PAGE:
Shareholders of Ritchie Bros. Auctioneers Inc. RBA-T have narrowly approved its acquisition of IAA Inc., ending a months-long battle over the future direction of the heavy equipment seller.
That a simple majority of shareholders supported the roughly US$6-billion purchase of Illinois-based auto salvage and auction company IAA highlights the contentious nature of the transaction, as corporate takeovers are generally approved with upward of 90-per-cent shareholder support.
Ritchie Bros. did not disclose the exact results of the Tuesday morning vote, saying only that a preliminary count showed the deal was approved and final results would be filed with securities regulators “as soon as practicable.”
However, one of the most prominent shareholders opposed to the transaction – Luxor Capital Group – said its own proxy solicitor tabulated roughly 46 per cent of votes cast were against approval. The company had no immediate comment on those figures.
The deal pitted Ritchie Bros. management against some of the company’s largest shareholders, major proxy advisers, and even the company’s namesake co-founder. After months of shareholder opposition to the original proposal, announced on Nov. 7, 2022, Ritchie Bros. revised its offer in January to include a larger cash component and a special one-time dividend for its own shareholders.
Still, only some opponents to the transaction acquiesced to the sweetened deal terms that were ultimately approved Tuesday. Those terms included US$12.80 per IAA share and 0.5252 Ritchie Bros. shares for each IAA share, plus an additional US$1.08 a share for Ritchie Bros. shareholders.
Other naysayers found the revised terms only hardened their resolve. Luxor and Janus Henderson Investors US LLC, holders of 4.2 per cent and 3.4 per cent of Ritchie Bros. shares, respectively, objected specifically to how the company was able to increase the cash component for its offer.
Part of the extra money came through a US$500-million capital injection from activist investor Starboard Value LP. New York-based Starboard agreed to purchase US$485-million worth of Ritchie Bros. preferred shares for US$73 a share with a 5.5-per-cent dividend and another US$15-million in common shares at US$59.72 a share. Starboard chief executive officer Jeffrey Smith will also join the company’s board of directors now that the deal has been approved.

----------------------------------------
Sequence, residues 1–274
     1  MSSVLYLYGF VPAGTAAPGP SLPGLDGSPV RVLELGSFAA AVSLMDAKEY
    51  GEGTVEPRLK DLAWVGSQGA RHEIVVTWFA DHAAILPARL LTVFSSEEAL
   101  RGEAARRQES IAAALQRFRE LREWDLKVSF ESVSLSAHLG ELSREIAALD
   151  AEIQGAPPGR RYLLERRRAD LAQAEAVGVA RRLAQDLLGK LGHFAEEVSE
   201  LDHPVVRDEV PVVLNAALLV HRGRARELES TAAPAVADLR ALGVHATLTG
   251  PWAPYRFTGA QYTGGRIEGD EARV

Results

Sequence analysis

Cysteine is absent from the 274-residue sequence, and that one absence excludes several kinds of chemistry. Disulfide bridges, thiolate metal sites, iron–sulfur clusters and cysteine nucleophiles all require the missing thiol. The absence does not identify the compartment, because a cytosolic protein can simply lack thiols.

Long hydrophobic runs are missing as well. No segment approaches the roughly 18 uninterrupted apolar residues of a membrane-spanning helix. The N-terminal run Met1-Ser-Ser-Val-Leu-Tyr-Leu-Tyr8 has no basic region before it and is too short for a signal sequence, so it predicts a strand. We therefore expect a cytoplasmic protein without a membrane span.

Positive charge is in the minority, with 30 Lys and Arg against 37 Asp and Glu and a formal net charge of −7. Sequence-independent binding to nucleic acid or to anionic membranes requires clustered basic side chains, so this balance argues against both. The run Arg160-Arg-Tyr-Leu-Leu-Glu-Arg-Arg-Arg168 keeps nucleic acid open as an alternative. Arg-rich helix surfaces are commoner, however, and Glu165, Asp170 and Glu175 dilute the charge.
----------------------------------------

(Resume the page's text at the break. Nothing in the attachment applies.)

“We already had misgivings about issuing Ritchie Brothers common equity to fund” part of the IAA transaction, Janus said in a letter dated Jan 30. “However, we believe that the terms agreed to for the preferred equity are even more concerning.”
Janus also accused Mr. Smith “as a preferred investor” of potentially having “interests that are not completely aligned with those of common shareholders.”
Both Luxor and Janus also claimed IAA was “structurally disadvantaged” against its main rival, Dallas-based Copart Inc.
“Copart has invested heavily in hard assets, including its real estate footprint, with more locations and larger yards, and a larger international presence,” Janus said in its letter. “This gives Copart a structural advantage over IAA that could take a great deal of investment to overcome … [and] it is not the responsibility of Ritchie Brothers shareholders to rescue IAA from a competitively disadvantaged position.”
Even major proxy advisers were divided over whether to support the deal. On March 6, Institutional Investor Services and Glass Lewis both recommended shareholders reject the deal, while Egan Jones urged support.
“Credibility is a particularly important consideration in this case and it has been impaired by the shifting narratives around the long-term strategy and evergreen targets, as well as the miscalculated treatment of shareholders’ concerns during the assessment of revised terms,” ISS said in a statement explaining its rationale.
Egan Jones, however, said “the merger sets a realistic approach of shareholder value creation and maximization in the long-run” and “IAA’s business will complement [Ritchie Bros.’] strategic vision.”
The war of words escalated once again on Monday, when David Ritchie, the company’s co-founder and former chairman, released a public letter opposing the deal. The letter, which was also signed by former Ritchie Bros. president C. Russell Cmolik, warned the merger “will require an immense amount of management’s time to turnaround IAA’s declining business.”
Ritchie Bros. did not mince words in its response, noting both Mr. Ritchie and Mr. Cmolik had retired nearly 20 years ago and that the company “is very different from the small family-run traditional auction business” that Mr. Ritchie co-founded in 1958.
“As a result, Ritchie Bros. is no longer a stagnant business with little to no growth,” the company said.
In the end, enough shareholders sided with management for the transaction to proceed. Luxor, which had been the first shareholder to oppose the IAA transaction, publicly admitted defeat.
“Despite our best efforts on behalf of all shareholders, and our disappointment in the outcome, we wish the company well with its integration of IAA,” Luxor president Doug Snyder said in a statement.